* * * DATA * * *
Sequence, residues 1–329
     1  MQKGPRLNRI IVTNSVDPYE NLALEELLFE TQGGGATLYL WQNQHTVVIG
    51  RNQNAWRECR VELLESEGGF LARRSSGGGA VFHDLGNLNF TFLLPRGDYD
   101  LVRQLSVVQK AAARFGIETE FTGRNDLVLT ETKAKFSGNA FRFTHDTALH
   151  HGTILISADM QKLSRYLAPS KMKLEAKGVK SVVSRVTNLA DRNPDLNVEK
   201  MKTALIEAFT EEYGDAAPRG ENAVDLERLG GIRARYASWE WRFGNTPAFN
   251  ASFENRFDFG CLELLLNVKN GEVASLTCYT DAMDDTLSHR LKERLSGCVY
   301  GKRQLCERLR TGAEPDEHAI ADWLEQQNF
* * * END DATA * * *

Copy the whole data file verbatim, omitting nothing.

Sequence, residues 1–329
     1  MQKGPRLNRI IVTNSVDPYE NLALEELLFE TQGGGATLYL WQNQHTVVIG
    51  RNQNAWRECR VELLESEGGF LARRSSGGGA VFHDLGNLNF TFLLPRGDYD
   101  LVRQLSVVQK AAARFGIETE FTGRNDLVLT ETKAKFSGNA FRFTHDTALH
   151  HGTILISADM QKLSRYLAPS KMKLEAKGVK SVVSRVTNLA DRNPDLNVEK
   201  MKTALIEAFT EEYGDAAPRG ENAVDLERLG GIRARYASWE WRFGNTPAFN
   251  ASFENRFDFG CLELLLNVKN GEVASLTCYT DAMDDTLSHR LKERLSGCVY
   301  GKRQLCERLR TGAEPDEHAI ADWLEQQNF